Everybody’s got a doughnut story.

After a night out, in the middle of a cram session, or before the first day of school, so many Atlantans have been beckoned by the same hunk of aluminum and neon that has towered over Ponce de Leon Avenue for nearly 60 years.

Its siren call: hot Krispy Kreme doughnuts fresh off a conveyor belt, 24 hours a day.

Early Wednesday morning, the hot light was illuminated as the doughnut shop burned. A fast-moving fire broke out about 1 a.m., shooting flames and smoke into the Midtown sky and gutting much of the building.

All appears well from the shop’s front doors, but step across the threshold and a charred shell remains, according to Atlanta fire officials. Investigators have not confirmed the cause of the blaze but said the building is likely “totally destroyed.” Two employees working the drive-thru said they were able to make it out safely after seeing wires smoking.

“It’s not going to be open anytime soon,” fire spokesman Sgt. Cortez Stafford told The Atlanta Journal-Constitution. “I would say it’s a total loss. The entire back half is burned.”

In a city without many longstanding landmarks, the Krispy Kreme was a mainstay. The shop opened in 1965 on the spot of the old Pig’n Whistle barbecue drive-in and was overhauled in 2003, when the conveyor belt was installed. In 2016, the landmark franchise was bought by basketball Hall of Famer Shaquille O’Neal.

This advertisement appeared in The Atlanta Constitution in 1937.

Credit: AJC file

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Credit: AJC file

The shop was part of Carol Baird’s childhood, so much of which she said has been erased.

“I recall driving my family’s huge 1962 station wagon from East Marietta early one Saturday morning in the late ’60s to the Krispy Kreme,” she said. “I drove the car back to Marietta filled with boxes of doughnuts to sell.”

The pastries were for a church youth group or a school band; she couldn’t remember. But the smell of the sugar and fried dough rising in the air as the sun came up over Ponce was burned in her memory.

In the 1990s, the hot light sign was enough to get Paul Scanling, then an undergrad at Georgia State, off his bus on its way from the North Avenue MARTA station to North Highland Avenue. Georgia Tech alum Kyle Butler and his roommate would make their doughnut runs around midnight to fuel their late-night study sessions.

On a more recent evening, Tech grad student Derek Metcalf said he thought better of spending his small paycheck on a dozen doughnuts, so he scrounged together $10 in spare change from his car to cover his craving.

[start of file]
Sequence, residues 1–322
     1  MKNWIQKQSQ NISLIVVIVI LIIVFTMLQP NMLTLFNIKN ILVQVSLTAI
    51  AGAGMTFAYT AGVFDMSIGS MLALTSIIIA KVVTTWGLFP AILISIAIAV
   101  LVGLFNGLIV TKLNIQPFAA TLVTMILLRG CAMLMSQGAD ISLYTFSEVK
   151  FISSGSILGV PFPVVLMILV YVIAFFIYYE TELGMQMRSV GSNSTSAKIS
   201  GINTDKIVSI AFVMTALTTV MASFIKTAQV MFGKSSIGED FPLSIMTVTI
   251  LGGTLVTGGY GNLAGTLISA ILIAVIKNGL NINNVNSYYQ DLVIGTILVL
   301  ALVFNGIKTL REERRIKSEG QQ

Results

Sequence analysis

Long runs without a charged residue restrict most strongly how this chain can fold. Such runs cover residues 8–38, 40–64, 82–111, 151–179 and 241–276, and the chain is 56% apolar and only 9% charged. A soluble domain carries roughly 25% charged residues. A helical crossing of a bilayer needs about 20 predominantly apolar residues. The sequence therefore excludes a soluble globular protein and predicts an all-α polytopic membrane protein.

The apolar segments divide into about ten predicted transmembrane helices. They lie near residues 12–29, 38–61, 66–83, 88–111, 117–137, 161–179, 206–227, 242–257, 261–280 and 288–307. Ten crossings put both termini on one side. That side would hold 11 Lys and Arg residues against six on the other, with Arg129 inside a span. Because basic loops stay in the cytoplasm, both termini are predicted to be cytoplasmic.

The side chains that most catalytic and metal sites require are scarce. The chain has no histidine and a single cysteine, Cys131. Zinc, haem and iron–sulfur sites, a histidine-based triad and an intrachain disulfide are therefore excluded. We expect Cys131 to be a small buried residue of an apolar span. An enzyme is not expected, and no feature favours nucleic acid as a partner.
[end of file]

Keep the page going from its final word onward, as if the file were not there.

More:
He was only $2 into counting the coins when the cashier stopped him and told him not to bother with the rest.

“Maybe they were close to closing and would have to throw out the uneaten merchandise, or maybe the cashier didn’t want to touch any more grimy Toyota floor change,” Metcalf said. “Whatever the reason, I think those doughnuts tasted even better 80% off and guilt-free.”

A fast-moving fire broke out about 1 a.m. at the landmark Krispy Kreme on Ponce de Leon Avenue.


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When Atlanta fire crews surveyed the damage Wednesday, the counter that witnessed that small act of grace was melted. In a statement provided by Krispy Kreme Doughnut Corp., its celebrity owner said the shop would rebuild.

“We are working with authorities to assess the damage and are uncertain at this point how long the shop will be closed,” the statement read. “However, we plan to reopen the shop as soon as possible! In the meantime, our Ponce team members will continue to receive full pay while we identify and offer them roles at other area Krispy Kreme shops. As Shaq said, ‘We will bounce back better than ever!’”

Two employees working the drive-thru said they were able to make it out safely.


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Jessica VanBrunt has lived a block away from the Krispy Kreme for nearly 11 years. It was her late-night treat growing up, she said, often after a visit to The Varsity or the Old Spaghetti Factory. Once, she ran into Clark Howard, another Atlanta icon, when the hot light was on.

“My dad would pick up a box of doughnuts on his way home, but would somehow manage to eat all of them before arriving,” she said. “He said they were like air, you could just eat one after the other.”

Walking by the building every day fills her with nostalgia, she said. That walk is likely to look a little different now.


Headquarters: Winston-Salem, North Carolina

Atlanta’s shop: The eighth store in the doughnut shop chain opened in Atlanta in 1937 on Ponce de Leon Avenue.

A makeover: The Krispy Kreme on Ponce temporarily closed for two months in 2003 for remodeling.

New owner: Basketball Hall of Famer Shaquille O’Neal bought the shop in October 2016.